RALEIGH — A former Durham prosecutor who built a career as an advocate for children went too far when she tried to protect a child by throwing the girl’s mother in jail on trumped-up charges.
Jan Paul has been disciplined by the State Bar for having the woman arrested so she couldn’t visit her daughter after the child had testified against the woman’s boyfriend in a sex-abuse trial.
“I made a mistake of law in my effort to protect a child, and I have accepted responsibility for that error,” Paul said Wednesday. “Serving as a prosecutor was both challenging and rewarding, and I always tried to do what I believed was right. I sincerely hope that otherwise during my time as a prosecutor, I was fair and able to achieve justice.”
Paul, who has been a lawyer for 27 years, represented children in guardianship cases for many years in Durham County. After becoming a prosecutor she specialized in child-abuse prosecutions.
In 2007, she brought a felony sex offense case against a man accused of assaulting his girlfriend’s daughter. The girl’s mother said she didn’t believe the girl had been abused.
At the 2009 trial, the judge dismissed the most serious charges against the man. During a Friday lunch break in the trial, Paul learned that the mother planned to visit her daughter that weekend. The girl’s father had custody, and the mother had visitation rights.
Worried that the girl’s mother would harm her physically or emotionally because she had testified against the man, Paul had the woman arrested as she left the courtroom that afternoon on charges of aiding and abetting and accessory after the fact to sex offenses with a child. Legally, that wasn’t permissible, because the offense that the mother was accused of aiding and abetting had just been dismissed.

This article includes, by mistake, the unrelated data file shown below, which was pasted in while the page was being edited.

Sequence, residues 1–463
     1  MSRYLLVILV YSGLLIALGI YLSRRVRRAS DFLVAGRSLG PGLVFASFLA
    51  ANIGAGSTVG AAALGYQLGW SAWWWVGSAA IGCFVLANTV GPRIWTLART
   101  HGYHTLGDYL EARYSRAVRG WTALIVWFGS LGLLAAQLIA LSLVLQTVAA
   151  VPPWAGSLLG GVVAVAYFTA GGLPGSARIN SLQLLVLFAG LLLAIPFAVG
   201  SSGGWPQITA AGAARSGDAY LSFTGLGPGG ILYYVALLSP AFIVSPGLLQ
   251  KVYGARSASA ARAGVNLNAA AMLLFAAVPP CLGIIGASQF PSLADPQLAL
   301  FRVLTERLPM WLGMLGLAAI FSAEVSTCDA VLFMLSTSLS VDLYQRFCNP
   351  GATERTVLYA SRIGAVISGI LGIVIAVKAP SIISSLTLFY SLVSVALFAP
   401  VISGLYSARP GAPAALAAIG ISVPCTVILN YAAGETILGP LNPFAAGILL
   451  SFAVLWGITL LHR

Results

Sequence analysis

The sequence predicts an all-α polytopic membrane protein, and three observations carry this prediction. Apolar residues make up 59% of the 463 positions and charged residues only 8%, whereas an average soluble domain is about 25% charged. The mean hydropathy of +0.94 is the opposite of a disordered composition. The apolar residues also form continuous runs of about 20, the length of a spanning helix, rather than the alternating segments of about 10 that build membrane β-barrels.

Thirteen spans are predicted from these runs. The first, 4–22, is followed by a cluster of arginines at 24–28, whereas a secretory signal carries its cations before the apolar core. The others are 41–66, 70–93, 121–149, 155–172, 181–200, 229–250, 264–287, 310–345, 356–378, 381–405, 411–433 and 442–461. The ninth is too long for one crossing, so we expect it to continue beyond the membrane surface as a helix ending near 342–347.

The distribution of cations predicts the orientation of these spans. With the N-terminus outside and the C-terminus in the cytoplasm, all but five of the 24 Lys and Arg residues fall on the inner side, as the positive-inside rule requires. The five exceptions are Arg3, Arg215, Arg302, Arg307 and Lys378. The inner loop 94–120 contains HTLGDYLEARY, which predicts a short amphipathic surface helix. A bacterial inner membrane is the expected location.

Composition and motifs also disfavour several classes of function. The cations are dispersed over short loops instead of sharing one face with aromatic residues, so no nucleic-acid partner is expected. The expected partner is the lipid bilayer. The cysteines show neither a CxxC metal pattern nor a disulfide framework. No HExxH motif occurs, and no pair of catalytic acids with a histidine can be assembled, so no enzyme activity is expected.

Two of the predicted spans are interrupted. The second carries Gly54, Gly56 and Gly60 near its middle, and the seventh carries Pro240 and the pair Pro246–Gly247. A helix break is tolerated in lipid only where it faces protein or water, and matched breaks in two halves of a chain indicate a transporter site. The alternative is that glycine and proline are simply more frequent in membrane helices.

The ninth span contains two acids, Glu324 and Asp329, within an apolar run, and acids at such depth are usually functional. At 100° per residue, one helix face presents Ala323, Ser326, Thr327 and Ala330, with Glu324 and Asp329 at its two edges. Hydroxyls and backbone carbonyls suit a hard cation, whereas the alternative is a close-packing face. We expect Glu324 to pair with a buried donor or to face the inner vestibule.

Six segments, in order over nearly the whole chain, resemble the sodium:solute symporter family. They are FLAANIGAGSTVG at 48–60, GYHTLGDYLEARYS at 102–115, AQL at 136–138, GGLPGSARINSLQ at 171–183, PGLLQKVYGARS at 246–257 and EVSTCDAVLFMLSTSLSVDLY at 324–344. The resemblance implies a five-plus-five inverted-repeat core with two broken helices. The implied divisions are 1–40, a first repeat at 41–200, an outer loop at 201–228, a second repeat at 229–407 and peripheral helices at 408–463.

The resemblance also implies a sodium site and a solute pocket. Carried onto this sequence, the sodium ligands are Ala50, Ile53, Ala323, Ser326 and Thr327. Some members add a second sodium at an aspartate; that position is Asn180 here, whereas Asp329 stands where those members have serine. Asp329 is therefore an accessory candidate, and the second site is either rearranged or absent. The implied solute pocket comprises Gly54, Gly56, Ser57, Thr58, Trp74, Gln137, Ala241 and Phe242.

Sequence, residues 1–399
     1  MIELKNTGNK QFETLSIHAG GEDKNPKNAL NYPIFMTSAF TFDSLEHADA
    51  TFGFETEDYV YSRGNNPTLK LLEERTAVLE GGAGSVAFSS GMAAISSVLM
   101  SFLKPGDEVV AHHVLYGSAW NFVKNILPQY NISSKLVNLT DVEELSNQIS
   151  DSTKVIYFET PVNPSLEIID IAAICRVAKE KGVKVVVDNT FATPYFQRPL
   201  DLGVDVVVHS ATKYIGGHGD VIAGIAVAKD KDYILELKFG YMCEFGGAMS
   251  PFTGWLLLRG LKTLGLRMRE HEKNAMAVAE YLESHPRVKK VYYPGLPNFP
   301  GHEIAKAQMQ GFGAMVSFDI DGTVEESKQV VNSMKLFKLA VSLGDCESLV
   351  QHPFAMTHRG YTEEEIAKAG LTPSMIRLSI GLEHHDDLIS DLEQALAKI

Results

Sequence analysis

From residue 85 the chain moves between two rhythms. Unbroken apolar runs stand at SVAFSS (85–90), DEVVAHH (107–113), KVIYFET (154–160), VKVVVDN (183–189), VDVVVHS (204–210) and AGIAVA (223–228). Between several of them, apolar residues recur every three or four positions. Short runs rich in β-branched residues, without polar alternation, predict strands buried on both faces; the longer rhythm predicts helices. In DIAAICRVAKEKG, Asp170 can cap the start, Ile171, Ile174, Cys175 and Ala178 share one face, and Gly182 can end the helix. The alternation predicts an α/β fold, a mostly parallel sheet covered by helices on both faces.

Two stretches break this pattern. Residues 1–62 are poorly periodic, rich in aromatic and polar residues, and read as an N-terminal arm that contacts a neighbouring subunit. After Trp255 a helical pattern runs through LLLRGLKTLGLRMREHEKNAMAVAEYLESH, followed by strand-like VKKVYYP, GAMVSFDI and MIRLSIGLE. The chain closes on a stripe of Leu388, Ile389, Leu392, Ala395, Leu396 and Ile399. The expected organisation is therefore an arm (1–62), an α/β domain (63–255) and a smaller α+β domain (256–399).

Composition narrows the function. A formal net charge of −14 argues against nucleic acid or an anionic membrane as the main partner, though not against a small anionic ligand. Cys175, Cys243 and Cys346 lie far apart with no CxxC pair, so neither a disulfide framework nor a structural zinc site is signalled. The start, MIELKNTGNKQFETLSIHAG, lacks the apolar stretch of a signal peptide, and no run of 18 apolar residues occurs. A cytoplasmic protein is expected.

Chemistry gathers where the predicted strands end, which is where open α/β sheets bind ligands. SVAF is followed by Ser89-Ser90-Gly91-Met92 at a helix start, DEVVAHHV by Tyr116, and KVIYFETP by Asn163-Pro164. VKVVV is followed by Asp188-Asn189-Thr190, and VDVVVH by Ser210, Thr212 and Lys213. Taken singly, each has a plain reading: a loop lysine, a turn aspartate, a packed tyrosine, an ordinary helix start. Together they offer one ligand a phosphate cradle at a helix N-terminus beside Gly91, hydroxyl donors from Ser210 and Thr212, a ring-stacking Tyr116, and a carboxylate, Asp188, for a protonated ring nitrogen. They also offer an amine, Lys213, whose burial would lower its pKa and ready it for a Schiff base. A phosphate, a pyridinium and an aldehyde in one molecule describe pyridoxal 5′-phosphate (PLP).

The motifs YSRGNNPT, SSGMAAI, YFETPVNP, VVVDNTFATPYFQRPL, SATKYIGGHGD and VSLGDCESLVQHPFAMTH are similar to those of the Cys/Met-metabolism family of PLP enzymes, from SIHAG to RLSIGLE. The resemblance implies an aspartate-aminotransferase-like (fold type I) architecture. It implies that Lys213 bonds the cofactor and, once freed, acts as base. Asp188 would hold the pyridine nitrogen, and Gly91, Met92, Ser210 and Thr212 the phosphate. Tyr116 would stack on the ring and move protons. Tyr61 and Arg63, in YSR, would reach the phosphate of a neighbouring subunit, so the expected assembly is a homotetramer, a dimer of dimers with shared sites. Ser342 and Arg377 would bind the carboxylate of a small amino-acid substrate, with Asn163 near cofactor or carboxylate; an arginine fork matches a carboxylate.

That afternoon, a judge who learned what Paul had done ordered that the woman could be released from jail without securing her bond, and on that Monday dismissed the charges against her.
Paul didn’t contest the bar complaint, although she was represented at a bar hearing by a state-paid attorney on a contract worth $250 an hour plus expenses, with a $10,000 limit. She consented to the findings of a three-member State Bar hearing panel, which found the arrest and criminal charges against the woman were unlawful.
The bar panel decided against disbarring Paul because her motive was not a selfish one, she had dedicated her career to helping children and she had a good reputation, according to the panel’s order of discipline issued in October. But the members felt that something more serious than a reprimand was in order.
The bar panel suspended her law license for one year, but said the suspension wouldn’t take effect so long as she meets certain conditions.
Paul left the district attorney’s office in 2010. She works on adoption issues in the legislative research division of the General Assembly.